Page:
The first person I knew who committed suicide was a kid I really didn’t know that well. We were in sixth grade together. The story went that he got into a fight with his parents—a grounding or some such thing—and stormed up to his bedroom saying he was going to kill himself. In the moment, it sounded like perfectly standard melodramatic twelve-year-old boy bullshit. But after the kicking and screaming and thumping around upstairs had stopped, the parents ascended to talk to their distraught son and found him dangling from the rail bar of his bunkbed, a jump rope tied around his neck.

Maybe it was an accident. Maybe he didn’t intend on dying. Maybe he just wanted to make a statement, do something he thought was equal in absurdity to his parents’ parenting choice. Maybe he really wanted out. I don’t know. None of us can. I hardly even knew the kid. And because of that, I can’t fairly begin to assume his intentions. But that’s the story as I remember it and that’s how my shock perceived it and still does all these years later.

In the case of my classmate, yeah, he killed himself—accidentally or not—over one little thing. But he was a kid. And kids do impulsive, stupid things. If they live through the repercussions of those actions, they learn from it. They grow resilient. But in other instances, it’s rarely the straw that breaks the camel’s back that kills the camel. It’s not the money or the job or the sour relationship. Those things are just the one thing to make the person say, “Ah, screw it. I’m done with all of this.”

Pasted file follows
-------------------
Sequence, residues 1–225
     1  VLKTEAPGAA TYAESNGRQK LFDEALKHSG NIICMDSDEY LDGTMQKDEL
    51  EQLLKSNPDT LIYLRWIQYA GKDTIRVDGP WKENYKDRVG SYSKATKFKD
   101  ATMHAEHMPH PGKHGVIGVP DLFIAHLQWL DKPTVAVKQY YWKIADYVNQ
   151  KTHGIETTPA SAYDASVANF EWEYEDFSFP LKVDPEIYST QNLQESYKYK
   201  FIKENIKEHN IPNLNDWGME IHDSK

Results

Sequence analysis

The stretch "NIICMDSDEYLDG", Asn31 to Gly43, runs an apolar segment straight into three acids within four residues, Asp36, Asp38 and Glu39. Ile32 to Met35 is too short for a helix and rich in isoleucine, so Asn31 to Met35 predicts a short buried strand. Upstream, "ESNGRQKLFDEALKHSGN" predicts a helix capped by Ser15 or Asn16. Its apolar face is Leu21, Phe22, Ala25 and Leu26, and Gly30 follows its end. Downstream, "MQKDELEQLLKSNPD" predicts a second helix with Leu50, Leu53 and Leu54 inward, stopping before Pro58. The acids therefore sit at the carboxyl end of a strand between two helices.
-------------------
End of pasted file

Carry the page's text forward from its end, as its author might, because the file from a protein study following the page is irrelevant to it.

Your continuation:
The question is then, not “Why would they kill themselves over that?” but “Why would they kill themselves?” And the answer is because killing themselves is the opportunity to finally and forever stop hurting. Stop being afraid. Stop trying and failing.

We know that suicide is mostly committed by those with a history of depression or another kind of mental illness. If you’ve ever had depression, I mean real, deep, dark, heavy depression, imagine what it must feel like to never be able to get out from under its vicious hold. No amount of therapy or drugs or sunshine or exercise or family fun can cure you of that horror. In fact, knowing that the joy in your life cannot bring you any joy just makes things worse. And you get to a point where the only thing you can do to cure yourself is to kill yourself.